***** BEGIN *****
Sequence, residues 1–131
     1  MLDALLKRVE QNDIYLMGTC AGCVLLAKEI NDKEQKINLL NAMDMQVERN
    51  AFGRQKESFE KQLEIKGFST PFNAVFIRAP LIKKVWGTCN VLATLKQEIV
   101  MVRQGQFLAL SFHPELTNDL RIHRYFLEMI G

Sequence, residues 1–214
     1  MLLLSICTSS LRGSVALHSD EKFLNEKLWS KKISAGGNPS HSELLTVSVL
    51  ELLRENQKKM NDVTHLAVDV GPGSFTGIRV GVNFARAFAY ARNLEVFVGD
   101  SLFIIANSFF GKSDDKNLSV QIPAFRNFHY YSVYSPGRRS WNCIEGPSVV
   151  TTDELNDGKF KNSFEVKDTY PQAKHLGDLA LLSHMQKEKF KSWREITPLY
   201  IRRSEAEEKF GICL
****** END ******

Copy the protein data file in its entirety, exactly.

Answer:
Sequence, residues 1–131
     1  MLDALLKRVE QNDIYLMGTC AGCVLLAKEI NDKEQKINLL NAMDMQVERN
    51  AFGRQKESFE KQLEIKGFST PFNAVFIRAP LIKKVWGTCN VLATLKQEIV
   101  MVRQGQFLAL SFHPELTNDL RIHRYFLEMI G

Sequence, residues 1–214
     1  MLLLSICTSS LRGSVALHSD EKFLNEKLWS KKISAGGNPS HSELLTVSVL
    51  ELLRENQKKM NDVTHLAVDV GPGSFTGIRV GVNFARAFAY ARNLEVFVGD
   101  SLFIIANSFF GKSDDKNLSV QIPAFRNFHY YSVYSPGRRS WNCIEGPSVV
   151  TTDELNDGKF KNSFEVKDTY PQAKHLGDLA LLSHMQKEKF KSWREITPLY
   201  IRRSEAEEKF GICL